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Connecticut murder victim identified 50 years later as fugitive woman from Kentucky

A woman whose remains were found 50 years ago in a shallow grave in Connecticut has been identified as a fugitive from Kentucky.

The victim was Linda Sue Childers, forensic science company Othram announced Wednesday. She was 24 years old at the time of her death.

Childers’ remains were found alongside a known bank robber, Gustavous Lee Carmichael, in May 1974 in Ledyard, Connecticut, according to authorities.

Investigators believed Carmichael and Childers were killed on Dec. 31, 1970. The two were on the run at the time, as Carmichael had recently escaped custody and then robbed multiple banks.

They were staying at the home of Richard DeFreitas and Donald Brant, fellow bank robbers who provided them with false papers identifying them as Dick and Lorraine Stahl.

However, Childers confided in DeFreitas’ wife, Joanne Rainello, that she was afraid of the lifestyle they were leading. When DeFreitas learned about her fears, he told Brant and they agreed to kill the two, according to court documents.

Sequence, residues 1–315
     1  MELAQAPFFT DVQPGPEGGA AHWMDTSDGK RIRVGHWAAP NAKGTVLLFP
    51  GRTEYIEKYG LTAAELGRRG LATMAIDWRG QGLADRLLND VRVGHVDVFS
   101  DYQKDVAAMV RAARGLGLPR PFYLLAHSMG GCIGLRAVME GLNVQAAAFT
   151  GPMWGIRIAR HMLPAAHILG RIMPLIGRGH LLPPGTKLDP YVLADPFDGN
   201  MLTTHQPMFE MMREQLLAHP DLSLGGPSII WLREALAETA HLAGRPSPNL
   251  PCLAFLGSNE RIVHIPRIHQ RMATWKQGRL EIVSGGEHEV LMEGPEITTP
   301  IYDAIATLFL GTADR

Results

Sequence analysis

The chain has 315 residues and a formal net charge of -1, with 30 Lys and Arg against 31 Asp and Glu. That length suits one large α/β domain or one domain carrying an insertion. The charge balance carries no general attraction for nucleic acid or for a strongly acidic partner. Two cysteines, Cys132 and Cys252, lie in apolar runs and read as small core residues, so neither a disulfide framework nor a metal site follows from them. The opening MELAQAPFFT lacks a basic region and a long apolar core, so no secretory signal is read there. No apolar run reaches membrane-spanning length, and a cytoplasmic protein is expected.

DeFreitas and Brant fatally shot Carmichael and Childers, then dumped their bodies, which remained undiscovered for more than three years. The two men were eventually convicted of the murders and have since died.

But Childers’ identity remained a mystery, as investigators realized early on that she was not Lorraine Stahl. In 2011, her case was entered into the National Missing and Unidentified Persons System.

Connecticut’s chief medical examiner sent forensic evidence to Othram in 2022, and the company built a genealogical profile of the victim. That profile led to living relatives, who submitted DNA and allowed Othram to confirm Childers’ identity.

Childers was born Sept. 4, 1946 and was originally from Louisville, according to the company. Her sister and daughter were notified of her identification.